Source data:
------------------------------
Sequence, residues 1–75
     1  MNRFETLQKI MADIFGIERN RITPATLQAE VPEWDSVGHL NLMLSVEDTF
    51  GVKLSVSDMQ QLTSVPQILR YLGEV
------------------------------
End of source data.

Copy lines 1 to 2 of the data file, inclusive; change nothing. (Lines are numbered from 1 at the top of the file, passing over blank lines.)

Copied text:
Sequence, residues 1–75
     1  MNRFETLQKI MADIFGIERN RITPATLQAE VPEWDSVGHL NLMLSVEDTF